The regulatory structure of the telecoms sector entered into a state of flux in 2011, a reflection of the dynamic market that the government is tasked with overseeing. This uncertainty is rooted in the reorganisation of the Commission on Information and Communications Technology (CICT), to which the primary regulator, the National Telecommunications Commission (NTC), answers. Under a bill passed by the House of Representatives in December 2011, the power and responsibilities of the CICT will be bolstered and the entity will be revamped to form the new Department of ICT.

MIXED MESSAGES: While the industry lauded efforts to create a more robust authority, the future regulatory landscape is uncertain due to the signing of a seemingly contradictory executive order in early July 2011 by President Benigno Aquino III that downgraded the role of the CICT. The order stipulated that instead of being given a stronger role as a fully functioning department, the CICT would be diluted and given a reduced role under the Department of Science and Technology (DoST) and rebranded as the ICT Office. The NTC and postal service would remain under the president’s office while the National Computer Centre, and the Telecommunications Office would report to the DoST.

In early 2012 the Senate also passed a bill supporting the creation of a distinct Department of ICT, though it was unclear if and when it would become law. Regardless of which authority the NTC reports to, the commission will retain its mandate as the organisation responsible for ensuring fairness in domestic competition with the telecommunications sector.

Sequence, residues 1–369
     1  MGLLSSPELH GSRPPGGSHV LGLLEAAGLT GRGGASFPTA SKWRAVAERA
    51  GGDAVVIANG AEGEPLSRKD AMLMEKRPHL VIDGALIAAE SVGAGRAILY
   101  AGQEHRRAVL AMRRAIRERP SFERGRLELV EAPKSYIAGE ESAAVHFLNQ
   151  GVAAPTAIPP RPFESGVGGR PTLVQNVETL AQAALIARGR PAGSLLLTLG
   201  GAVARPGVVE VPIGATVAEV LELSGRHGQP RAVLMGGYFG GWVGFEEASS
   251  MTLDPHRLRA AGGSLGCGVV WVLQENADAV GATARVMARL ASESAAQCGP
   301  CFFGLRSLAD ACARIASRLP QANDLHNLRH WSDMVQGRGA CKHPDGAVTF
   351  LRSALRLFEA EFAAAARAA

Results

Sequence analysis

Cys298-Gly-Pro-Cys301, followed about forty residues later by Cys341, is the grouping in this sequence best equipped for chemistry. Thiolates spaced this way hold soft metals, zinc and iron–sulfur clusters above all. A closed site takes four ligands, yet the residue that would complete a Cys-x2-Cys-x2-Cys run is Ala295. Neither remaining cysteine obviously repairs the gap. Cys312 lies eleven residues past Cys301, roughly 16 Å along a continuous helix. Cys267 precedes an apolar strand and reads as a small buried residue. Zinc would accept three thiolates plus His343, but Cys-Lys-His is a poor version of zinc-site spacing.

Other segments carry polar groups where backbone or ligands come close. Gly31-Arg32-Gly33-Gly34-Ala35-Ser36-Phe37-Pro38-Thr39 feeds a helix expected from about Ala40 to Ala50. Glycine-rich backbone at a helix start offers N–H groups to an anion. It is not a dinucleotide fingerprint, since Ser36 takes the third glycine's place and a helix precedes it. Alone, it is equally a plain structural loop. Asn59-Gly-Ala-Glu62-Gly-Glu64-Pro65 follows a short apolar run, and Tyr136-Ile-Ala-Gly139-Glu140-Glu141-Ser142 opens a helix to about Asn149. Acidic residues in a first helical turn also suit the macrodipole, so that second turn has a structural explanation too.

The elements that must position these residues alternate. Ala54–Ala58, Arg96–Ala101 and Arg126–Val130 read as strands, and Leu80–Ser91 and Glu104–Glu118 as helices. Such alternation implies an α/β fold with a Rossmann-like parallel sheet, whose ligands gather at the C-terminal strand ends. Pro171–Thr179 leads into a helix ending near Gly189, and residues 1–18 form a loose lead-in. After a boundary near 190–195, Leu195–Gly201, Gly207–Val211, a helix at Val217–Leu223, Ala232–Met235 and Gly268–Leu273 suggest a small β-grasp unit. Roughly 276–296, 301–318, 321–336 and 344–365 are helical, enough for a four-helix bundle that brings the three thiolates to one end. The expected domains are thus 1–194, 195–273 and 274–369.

CUTTING COSTS: The NTC addressed the issue of high interconnection charges in October 2011 by mandating a reduction in fees. Under the new framework, the NTC calls for SMS interconnection fees between networks not to exceed P0.15 ($0.003) per SMS. This will have the effect of reducing cross-network rates to P0.20 ($0.005) per SMS from current rates of P0.35 ($0.008). According to the NTC’s commissioner, Gamaliel Cordoba, the new scheme would bring rates within the norms established under the country’s Public Telecommunications Policy Act, which seeks “the establishment of fair and reasonable interconnection among public operators and other telecommunications service providers at reasonable and fair cost”. However, resistance from operators meant that the fee reductions had not taken effect as of early 2012.

This move came after another NTC proposal floated in June 2011 seeking to gradually reduce interconnection fees for mobile voice calls over a period of three years. During the first year of implementation, charges would be mandated to be no higher than P2 ($0.05) per minute, decreasing to a maximum of P1.50 ($0.03) the second year and P1 ($0.02) from the final year onward. According to the NTC, one minute of cellular voice calls cost customers an average of P6.50 ($0.15), with telecoms firms charging P4 ($0.09) for interconnections. Under this graduated reduction scheme, the cost of these calls would be reduced by P3 ($0.07) to P4 ($0.09) during the first year, P2 ($0.05) the second year and P1 ($0.02) the final year. This compares favourably with other countries in the region, such as Malaysia and Thailand, where comparable fees range from P1.24 ($0.03) to P1.70 ($0.04). The Department of Transportation and Communications proposed a similar plan during the previous administration, but, it was eventually scrapped due to opposition from the sector and fears that it would reduce tax revenues.

FEE HIKE: Telecoms companies are now preparing to absorb another potential financial hit should a June 2011 proposal by the NTC come into force to increase its administration fees for telecoms and broadcasting firms by 20-40%. According to the NTC, the suggestion was spurred by rising inflation and is being considered for implementation in 2012. Currently, the regulator collects P500m ($11.35m) annually from sector firms.

Although the industry has made progress towards market liberalisation, key aspects that still need to be addressed include number portability and tower sharing, neither of which existed as of the end of 2011.